The Association of Convenience Stores (ACS) is meeting with the Competition Commission (CC) this week in a final attempt to press home its views ahead of publication of the commission's provisional findings into the grocery market.

The CC is currently carrying out a second round of meetings with invited parties ahead of the deadline for all responses, which is expected to be in early September.
This week's meeting is likely to be the ACS' last chance to meet face-to-face with the CC ahead of the September date, although an autumn date is a possibility if the commission decides to take action.
The association has been critical of the CC's approach to its inquiry to date, and has raised concerns over both its definition of the market and its gathering of evidence on buying prices from supermarkets and suppliers.
As Convenience Store went to press, ACS bosses were preparing for the discussions and were expected to highlight to the CC issues including predatory pricing activity, the anti-competitive impact of supermarket practices in dealing with suppliers and the permitting of acquisitions of large numbers of convenience stores by multiple grocers in spite of dominant market positions.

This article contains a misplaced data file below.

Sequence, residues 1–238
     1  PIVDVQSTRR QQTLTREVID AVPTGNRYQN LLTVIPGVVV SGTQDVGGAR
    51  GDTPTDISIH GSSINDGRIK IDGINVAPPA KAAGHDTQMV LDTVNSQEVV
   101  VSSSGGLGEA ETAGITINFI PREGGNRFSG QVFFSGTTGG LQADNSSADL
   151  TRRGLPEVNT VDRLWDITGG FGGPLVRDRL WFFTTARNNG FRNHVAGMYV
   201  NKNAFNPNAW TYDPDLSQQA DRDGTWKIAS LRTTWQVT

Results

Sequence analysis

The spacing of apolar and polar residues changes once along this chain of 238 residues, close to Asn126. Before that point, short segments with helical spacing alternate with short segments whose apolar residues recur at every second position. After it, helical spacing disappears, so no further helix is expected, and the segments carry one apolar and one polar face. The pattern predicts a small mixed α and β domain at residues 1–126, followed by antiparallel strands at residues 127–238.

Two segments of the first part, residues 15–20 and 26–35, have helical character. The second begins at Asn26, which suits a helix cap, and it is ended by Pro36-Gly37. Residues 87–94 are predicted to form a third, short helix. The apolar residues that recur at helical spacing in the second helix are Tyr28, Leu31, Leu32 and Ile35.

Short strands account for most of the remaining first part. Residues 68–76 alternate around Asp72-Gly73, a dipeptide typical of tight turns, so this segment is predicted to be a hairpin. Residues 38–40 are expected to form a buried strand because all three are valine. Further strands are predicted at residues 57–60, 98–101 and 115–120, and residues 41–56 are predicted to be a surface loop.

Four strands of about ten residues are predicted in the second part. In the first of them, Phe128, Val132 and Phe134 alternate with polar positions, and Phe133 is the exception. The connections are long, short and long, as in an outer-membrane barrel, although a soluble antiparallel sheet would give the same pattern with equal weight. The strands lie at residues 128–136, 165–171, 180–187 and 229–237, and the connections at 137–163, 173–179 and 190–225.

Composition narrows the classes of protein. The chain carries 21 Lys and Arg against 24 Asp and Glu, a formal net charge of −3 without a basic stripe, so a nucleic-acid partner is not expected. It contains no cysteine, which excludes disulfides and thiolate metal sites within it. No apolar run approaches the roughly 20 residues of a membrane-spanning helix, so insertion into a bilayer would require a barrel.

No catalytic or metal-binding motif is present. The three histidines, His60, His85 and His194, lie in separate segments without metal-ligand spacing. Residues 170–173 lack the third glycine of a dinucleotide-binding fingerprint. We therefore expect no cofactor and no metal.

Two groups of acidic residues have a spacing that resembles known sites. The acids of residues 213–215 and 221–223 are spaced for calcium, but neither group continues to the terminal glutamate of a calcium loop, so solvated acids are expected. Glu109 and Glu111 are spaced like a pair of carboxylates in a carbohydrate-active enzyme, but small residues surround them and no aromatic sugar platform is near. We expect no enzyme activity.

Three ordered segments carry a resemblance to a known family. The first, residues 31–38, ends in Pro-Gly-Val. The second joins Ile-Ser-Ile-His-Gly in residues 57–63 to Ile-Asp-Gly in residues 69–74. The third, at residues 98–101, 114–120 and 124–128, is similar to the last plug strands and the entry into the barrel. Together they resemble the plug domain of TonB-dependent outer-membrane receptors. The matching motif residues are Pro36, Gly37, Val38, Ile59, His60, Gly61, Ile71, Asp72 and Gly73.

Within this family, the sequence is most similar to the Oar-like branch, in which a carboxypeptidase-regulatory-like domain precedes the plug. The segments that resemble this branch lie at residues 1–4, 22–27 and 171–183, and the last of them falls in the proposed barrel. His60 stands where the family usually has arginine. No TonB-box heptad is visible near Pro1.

ACS chief executive James Lowman said: "Our overriding point from the start has been that the grocery market is competitive and sustainable only if there is a place for a strong independent retail sector. In order to ensure the independent sector remains competitive there has to be intervention to ensure they can compete on a level playing field."
Lowman said the ACS would use the hearing to reinforce the evidence it has submitted based on its analysis of supermarket retail prices and wholesale buying prices.
He added: "We will also take on the claims made by supermarkets about how the Competition Commission should define the market. It is wholly wrong to assume that supermarkets compete only with supermarkets. A healthy market for groceries involves competition between retailers of all types and all sizes."